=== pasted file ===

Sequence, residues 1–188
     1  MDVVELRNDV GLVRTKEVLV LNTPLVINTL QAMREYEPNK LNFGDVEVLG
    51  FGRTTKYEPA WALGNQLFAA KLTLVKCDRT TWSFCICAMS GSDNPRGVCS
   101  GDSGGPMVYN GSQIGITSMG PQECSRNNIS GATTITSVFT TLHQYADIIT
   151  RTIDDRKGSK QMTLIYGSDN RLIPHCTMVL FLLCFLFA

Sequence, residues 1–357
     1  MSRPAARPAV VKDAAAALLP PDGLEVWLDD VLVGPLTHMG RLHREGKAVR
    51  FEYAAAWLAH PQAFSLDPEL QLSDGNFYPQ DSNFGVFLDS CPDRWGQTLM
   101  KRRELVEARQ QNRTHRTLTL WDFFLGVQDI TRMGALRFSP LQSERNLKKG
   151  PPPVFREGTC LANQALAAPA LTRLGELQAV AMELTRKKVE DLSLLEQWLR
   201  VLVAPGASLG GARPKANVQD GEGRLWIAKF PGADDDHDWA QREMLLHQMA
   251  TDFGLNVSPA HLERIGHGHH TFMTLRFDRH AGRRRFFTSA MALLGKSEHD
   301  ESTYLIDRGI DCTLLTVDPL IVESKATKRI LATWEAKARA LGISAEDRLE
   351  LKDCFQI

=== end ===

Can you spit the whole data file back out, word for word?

Sequence, residues 1–188
     1  MDVVELRNDV GLVRTKEVLV LNTPLVINTL QAMREYEPNK LNFGDVEVLG
    51  FGRTTKYEPA WALGNQLFAA KLTLVKCDRT TWSFCICAMS GSDNPRGVCS
   101  GDSGGPMVYN GSQIGITSMG PQECSRNNIS GATTITSVFT TLHQYADIIT
   151  RTIDDRKGSK QMTLIYGSDN RLIPHCTMVL FLLCFLFA

Sequence, residues 1–357
     1  MSRPAARPAV VKDAAAALLP PDGLEVWLDD VLVGPLTHMG RLHREGKAVR
    51  FEYAAAWLAH PQAFSLDPEL QLSDGNFYPQ DSNFGVFLDS CPDRWGQTLM
   101  KRRELVEARQ QNRTHRTLTL WDFFLGVQDI TRMGALRFSP LQSERNLKKG
   151  PPPVFREGTC LANQALAAPA LTRLGELQAV AMELTRKKVE DLSLLEQWLR
   201  VLVAPGASLG GARPKANVQD GEGRLWIAKF PGADDDHDWA QREMLLHQMA
   251  TDFGLNVSPA HLERIGHGHH TFMTLRFDRH AGRRRFFTSA MALLGKSEHD
   301  ESTYLIDRGI DCTLLTVDPL IVESKATKRI LATWEAKARA LGISAEDRLE
   351  LKDCFQI